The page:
Spring break and especially summer break can be the most challenging though.  I try to take my vacations during this time, and we often head down to Santa Barbara, California to stay with family there for a week or two.  I also take time to go camping, or spend the day with the kids at the lake during summer.  And sign the kids up for day camp to keep them happy, also giving me more time to work.  All of this requires that I adjust my working schedule and the type of work I do.  I get up earlier and work before the kids wake.  I change my sourcing activities to wholesale, and online arbitrage and limit Retail Arbitrage during this time.

flagI recently launched my first eBook, based on people asking me for help on How to sell on Amazon.com from Canada.  It’s sold over 150 copies in the first month, and I thank everyone who purchased it.  I’ve updated it a few times since launch (I move quickly!) and given those who purchased a copy a free update.

I’ve discovered that I really enjoy helping others succeed on Amazon, and while I don’t enjoy coaching one on one, I do like writing eBooks and working on Facebook with people.  So stay tuned, because I’ll be releasing more content for you, that as always is 100% based on things I’ve already done and tested.  There are a lot of “Guru’s” out there who tell, but don’t do.  Many have since moved on to entirely information products and don’t even sell on Amazon any longer.  I may not have the reach and shiny object chasing appeal of these types, but one thing you can always count on is that I practice what I preach.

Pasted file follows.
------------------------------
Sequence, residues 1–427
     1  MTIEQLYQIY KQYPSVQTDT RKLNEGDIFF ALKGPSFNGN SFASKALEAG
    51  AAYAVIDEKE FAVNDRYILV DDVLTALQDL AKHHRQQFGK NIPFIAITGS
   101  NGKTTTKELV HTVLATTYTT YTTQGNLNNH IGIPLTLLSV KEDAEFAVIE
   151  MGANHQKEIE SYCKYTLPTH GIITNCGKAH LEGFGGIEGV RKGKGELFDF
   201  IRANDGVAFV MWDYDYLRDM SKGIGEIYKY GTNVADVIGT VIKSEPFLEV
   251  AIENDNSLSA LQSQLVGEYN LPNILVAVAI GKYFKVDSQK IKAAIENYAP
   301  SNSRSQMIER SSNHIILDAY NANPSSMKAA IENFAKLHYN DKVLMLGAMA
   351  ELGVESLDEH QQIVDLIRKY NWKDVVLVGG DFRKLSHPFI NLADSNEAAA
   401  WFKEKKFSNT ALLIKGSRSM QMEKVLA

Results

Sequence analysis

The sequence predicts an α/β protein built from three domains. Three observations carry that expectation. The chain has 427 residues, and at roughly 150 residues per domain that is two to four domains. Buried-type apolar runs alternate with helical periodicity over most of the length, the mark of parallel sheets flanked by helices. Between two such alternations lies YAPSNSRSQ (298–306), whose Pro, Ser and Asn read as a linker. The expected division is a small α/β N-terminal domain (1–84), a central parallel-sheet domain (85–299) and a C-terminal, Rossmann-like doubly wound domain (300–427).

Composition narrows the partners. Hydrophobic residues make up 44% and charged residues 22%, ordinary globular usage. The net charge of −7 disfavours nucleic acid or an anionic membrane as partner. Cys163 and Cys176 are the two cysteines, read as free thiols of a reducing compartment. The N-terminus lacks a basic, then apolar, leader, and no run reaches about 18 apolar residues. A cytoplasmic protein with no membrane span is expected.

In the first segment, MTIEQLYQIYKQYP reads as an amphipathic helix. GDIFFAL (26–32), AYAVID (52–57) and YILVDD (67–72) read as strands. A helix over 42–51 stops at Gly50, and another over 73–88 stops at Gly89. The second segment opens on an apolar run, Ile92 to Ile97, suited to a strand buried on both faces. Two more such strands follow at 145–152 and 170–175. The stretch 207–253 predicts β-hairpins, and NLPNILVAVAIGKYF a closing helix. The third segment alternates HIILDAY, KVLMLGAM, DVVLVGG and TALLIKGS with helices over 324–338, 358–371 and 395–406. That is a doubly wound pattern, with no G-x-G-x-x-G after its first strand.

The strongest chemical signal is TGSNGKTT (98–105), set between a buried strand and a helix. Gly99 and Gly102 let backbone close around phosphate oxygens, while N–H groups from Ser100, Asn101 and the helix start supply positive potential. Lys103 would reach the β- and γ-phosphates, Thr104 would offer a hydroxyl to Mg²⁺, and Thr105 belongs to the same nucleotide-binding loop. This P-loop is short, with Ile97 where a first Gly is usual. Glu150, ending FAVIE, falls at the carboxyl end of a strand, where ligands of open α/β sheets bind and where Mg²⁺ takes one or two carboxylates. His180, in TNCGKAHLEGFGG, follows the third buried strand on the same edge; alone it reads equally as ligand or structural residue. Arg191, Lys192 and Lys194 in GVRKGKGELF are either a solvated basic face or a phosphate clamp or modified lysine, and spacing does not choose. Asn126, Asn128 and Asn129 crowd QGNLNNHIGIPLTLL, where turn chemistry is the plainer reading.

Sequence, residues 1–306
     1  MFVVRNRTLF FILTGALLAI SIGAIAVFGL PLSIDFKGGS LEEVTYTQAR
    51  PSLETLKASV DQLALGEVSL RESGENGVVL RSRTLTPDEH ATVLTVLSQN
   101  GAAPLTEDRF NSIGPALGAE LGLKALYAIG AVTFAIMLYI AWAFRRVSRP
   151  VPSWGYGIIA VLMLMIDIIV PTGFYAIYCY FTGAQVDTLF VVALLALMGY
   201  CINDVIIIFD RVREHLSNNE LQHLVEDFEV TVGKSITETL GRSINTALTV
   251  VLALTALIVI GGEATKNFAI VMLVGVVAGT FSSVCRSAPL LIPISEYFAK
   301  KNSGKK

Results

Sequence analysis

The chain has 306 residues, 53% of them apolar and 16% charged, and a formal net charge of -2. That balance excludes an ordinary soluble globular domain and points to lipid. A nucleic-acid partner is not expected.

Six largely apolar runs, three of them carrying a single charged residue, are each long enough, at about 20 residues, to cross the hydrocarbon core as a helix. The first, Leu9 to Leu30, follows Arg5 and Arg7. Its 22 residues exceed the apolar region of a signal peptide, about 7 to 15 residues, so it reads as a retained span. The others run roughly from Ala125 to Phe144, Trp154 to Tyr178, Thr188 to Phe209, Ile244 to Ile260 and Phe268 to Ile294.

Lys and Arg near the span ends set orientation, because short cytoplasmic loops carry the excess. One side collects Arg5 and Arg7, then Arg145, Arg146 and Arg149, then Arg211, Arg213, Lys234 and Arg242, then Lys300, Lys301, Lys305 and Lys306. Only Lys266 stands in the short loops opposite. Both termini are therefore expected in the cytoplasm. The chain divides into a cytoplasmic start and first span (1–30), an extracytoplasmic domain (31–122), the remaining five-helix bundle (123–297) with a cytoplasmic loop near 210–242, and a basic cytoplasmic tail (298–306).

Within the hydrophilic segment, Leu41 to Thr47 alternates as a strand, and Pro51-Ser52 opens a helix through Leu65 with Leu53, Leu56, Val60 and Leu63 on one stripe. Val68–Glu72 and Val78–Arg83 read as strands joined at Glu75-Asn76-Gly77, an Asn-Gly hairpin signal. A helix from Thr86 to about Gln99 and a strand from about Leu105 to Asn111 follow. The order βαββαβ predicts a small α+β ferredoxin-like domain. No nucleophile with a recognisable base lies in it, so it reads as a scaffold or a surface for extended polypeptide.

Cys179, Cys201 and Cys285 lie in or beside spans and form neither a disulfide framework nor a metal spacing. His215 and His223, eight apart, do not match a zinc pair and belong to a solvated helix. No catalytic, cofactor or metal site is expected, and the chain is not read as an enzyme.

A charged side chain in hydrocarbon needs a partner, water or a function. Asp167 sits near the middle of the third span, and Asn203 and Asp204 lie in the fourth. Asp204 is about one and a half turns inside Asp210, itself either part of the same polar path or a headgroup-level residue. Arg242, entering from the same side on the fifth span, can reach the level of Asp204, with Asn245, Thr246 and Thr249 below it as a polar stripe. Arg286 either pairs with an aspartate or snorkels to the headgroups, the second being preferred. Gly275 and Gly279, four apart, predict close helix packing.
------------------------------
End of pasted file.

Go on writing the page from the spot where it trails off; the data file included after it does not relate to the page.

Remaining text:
I wish you success on your own journey, and please don’t give up if you’re struggling.  It’s easy to look around and feel inferior to others when we hear about their success.  But I can tell you from personal experience, it’s not all a bed of roses and we all have fears and doubts.  It’s how you manage those fears and the actions you take every day that makes all of the difference.  When I was a teenager, Tony Robbins said in one of his books “There’s no such thing as failure, only outcomes!”.  This has always resonated with me and I remind myself of it all the time.  You may not produce the result you wanted, but you succeeded in producing a different result.  Many best selling products were created due to things not working out as planned.  Just learn from your mistakes and avoid doing the same thing twice.  Lick your wounds, pick yourself up and soldier on!

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All the best,

Duncan